4 Reasons Why Universities Should Treat Their Space as a Strategic Asset – Part 1

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In my previous blog post, “4 Reasons Why Universities Should Treat Their Space as a Strategic Asset” I introduced this four part series which will explore why universities should be should begin to think of their physical space inventory as a strategic asset and how an integrated space centric technology approach can help them manage their campus more effectively in today’s highly competitive campus environments. In this part of the series I will focus on how cost reductions can be achieved through areas such as increased space utilization. We’ll explore how a unique focus on utilization can help you find the space you didn’t know you had.

Cost Reduction

When it comes to talking about cost reduction in terms of space on University campuses we really need to focus on two primary elements that can provide us with opportunities for reducing costs. The first strategy is to maximize the capacity of your existing space portfolio and second and probably more probable would be increasing the utilization of the spaces that you already have in your physical space inventory.

Maximize the Capacity of Your Existing Space

It’s important to understand the difference between capacity and utilization as this introduces an important concept that makes a portion of these cost reductions (savings) possible. The definition of capacity is the theoretical design limit for a given space that takes into account the maximum number of individuals a space or spaces has actually been constructed for. The definition of utilization looks at how many people truly use that space/capacity and also adds in the additional factor of how often the space is actually scheduled for use.

There are some basic approaches that you can take when it comes to manipulating room capacity beyond what may have been the original design capacity. This is not always recommended because spaces are typically designed with a specific function and layout in place. That being said the most common and simplest method of affecting capacity is to use a different method of arranging the spaces you currently have. This could be as easy as rearranging the existing furniture, supplementing it or removing some to convert it from for instance classroom style to theatre seating. By looking at the way your spaces are actually laid out you could make some basic changes to increase capacity by re-evaluating how you set them up with existing furniture and resources that you have.

Analyze the Utilization of Your Existing Space

A second approach can happen when you begin to analyze the utilization of your existing space and plan for and schedule how you will increase the utilization of all your spaces by maximizing the amount of time that there are used on a daily basis.

I’m going to demonstrate a quick calculation in to demonstrate how a simple increase in efficiency can help you to think about the opportunities that you have for finding additional space in your existing portfolio. Take the example of a 1 million square foot campus portfolio. If you look at industry norms in the higher education market, the Assignable Square Feet (ASF) percentages for a 1 million Gross Square Foot (GSF) portfolio is about 50 to 65%. In our one million gross square foot portfolio there would be approximately 500,000 – 650,000 assignable square feet in that space. For the sake of simplicity. Let’s take 600,000 square feet and look at what a 1% increase in utilization would look like. By performing some basic math, we can determine that a 1% increase in utilization of 600,000 square feet of assignable space equals 6,000 square feet of newly found space that could be used for instruction staff space, swing space etc. just by using what we have with a higher degree of utilization.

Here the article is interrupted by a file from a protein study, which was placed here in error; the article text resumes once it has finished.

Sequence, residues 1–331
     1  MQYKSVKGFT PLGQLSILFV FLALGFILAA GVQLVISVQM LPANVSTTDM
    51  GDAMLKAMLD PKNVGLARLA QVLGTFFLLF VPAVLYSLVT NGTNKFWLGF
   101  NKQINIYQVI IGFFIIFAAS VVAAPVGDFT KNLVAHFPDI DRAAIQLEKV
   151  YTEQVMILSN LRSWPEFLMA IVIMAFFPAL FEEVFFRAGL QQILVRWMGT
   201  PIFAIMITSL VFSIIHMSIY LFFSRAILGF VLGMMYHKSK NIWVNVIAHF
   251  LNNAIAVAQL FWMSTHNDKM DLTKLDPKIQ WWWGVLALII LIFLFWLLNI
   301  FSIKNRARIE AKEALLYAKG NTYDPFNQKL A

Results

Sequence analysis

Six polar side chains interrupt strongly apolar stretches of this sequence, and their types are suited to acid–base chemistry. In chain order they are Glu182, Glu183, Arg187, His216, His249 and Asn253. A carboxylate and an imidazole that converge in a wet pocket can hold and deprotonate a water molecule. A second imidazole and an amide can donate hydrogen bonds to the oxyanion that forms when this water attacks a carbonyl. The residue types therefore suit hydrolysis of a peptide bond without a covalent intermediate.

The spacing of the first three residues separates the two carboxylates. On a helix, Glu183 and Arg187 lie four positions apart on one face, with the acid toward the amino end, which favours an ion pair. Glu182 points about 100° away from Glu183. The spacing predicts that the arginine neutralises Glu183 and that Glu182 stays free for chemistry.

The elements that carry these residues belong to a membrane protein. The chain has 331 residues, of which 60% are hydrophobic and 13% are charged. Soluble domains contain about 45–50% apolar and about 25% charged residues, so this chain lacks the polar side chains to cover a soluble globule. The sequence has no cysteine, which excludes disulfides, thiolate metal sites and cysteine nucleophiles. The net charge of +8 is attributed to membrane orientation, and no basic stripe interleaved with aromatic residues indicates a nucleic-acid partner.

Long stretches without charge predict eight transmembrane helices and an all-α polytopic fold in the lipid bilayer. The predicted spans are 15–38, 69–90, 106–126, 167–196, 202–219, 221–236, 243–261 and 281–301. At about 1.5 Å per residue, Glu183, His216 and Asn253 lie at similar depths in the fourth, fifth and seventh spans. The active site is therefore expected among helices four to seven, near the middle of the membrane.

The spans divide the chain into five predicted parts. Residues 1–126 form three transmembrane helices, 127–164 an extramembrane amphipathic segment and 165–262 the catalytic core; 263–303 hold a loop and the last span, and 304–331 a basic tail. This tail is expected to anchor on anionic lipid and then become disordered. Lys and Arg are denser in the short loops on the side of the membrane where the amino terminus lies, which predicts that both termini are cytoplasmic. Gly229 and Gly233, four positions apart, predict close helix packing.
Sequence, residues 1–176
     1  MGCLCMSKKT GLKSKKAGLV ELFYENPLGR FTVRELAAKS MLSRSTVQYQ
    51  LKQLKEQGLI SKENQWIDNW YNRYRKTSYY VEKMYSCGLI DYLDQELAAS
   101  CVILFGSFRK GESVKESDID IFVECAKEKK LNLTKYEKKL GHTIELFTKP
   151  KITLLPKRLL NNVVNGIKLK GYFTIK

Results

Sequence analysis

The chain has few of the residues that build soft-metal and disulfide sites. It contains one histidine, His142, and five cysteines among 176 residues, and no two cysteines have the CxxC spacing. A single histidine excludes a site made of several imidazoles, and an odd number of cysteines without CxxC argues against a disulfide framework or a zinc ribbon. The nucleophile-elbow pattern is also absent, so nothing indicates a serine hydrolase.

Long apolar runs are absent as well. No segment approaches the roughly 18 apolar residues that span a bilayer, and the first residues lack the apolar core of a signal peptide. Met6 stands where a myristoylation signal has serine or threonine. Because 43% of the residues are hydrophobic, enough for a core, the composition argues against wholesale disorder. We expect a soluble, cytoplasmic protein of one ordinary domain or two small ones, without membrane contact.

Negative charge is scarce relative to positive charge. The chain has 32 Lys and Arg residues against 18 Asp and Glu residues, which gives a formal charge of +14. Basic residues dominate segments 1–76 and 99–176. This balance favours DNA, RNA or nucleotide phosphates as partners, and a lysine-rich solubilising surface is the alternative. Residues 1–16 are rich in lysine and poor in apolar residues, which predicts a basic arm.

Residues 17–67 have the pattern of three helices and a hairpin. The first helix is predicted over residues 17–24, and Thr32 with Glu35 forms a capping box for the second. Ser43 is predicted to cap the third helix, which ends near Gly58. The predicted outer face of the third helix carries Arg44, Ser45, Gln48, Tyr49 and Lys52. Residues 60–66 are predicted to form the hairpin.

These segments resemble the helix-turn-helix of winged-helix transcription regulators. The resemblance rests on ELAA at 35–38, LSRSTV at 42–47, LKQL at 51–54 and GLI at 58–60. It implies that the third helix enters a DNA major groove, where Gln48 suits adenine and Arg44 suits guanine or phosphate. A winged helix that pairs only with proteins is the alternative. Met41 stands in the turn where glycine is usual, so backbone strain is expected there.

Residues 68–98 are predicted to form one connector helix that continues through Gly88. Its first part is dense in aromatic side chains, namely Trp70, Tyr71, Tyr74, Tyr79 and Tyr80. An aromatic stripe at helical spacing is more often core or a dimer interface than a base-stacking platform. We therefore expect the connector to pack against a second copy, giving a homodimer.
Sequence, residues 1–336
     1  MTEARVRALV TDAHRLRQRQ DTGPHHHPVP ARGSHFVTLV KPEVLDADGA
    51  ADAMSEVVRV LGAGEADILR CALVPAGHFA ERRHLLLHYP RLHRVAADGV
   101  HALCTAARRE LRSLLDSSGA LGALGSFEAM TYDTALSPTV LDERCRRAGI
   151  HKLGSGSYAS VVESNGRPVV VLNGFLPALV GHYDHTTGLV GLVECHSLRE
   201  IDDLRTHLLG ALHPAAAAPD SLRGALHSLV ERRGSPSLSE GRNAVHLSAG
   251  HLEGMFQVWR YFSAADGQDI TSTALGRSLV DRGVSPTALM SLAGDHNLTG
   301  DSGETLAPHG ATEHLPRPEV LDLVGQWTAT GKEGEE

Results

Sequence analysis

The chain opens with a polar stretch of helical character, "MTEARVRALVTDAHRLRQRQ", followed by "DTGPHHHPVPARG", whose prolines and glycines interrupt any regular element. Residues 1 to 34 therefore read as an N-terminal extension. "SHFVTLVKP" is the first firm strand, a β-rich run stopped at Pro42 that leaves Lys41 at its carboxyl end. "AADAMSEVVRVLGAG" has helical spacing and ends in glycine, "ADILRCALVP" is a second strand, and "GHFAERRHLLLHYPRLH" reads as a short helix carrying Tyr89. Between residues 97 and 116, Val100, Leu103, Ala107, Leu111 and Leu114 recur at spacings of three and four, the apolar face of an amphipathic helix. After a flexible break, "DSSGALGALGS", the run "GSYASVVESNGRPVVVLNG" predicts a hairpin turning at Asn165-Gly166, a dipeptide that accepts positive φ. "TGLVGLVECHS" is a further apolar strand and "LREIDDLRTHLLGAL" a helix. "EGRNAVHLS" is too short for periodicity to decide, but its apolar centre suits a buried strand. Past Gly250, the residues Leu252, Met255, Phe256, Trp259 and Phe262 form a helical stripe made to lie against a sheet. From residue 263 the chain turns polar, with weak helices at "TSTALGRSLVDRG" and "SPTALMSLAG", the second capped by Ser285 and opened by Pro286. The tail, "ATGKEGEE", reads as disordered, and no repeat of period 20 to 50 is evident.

Let’s break this down in another way and look at examples of room capacity and what happens when we examine the sizes of specific types of rooms ranging from basic classrooms which could as small as 350 square feet or discussion rooms which may be 500 square feet, seminar rooms at 600 square feet or group work rooms at 750 square feet. If we take that 6,000 square feet of newly found space and divide by the typical size of a lecture room, discussion room, seminar room or group room you will see that we virtually gain 8 – 17 new spaces with only a 1% increase in the utilization of our existing space.
Cost Reduction Calculation
Now of course we didn’t really discover additional rooms in our facility, but we can infer from this is example that better utilization means that if your existing space is not utilized 100% of the time at 100% capacity then there actually space at your disposal that can used more effectively to help address your campus space needs. By taking better advantage of what we currently have we maximize our investment in our buildings by utilizing every square foot of existing space as effectively as we possibly can. This means we are not paying for space that when empty isn’t supporting the ultimate mission of your campus.

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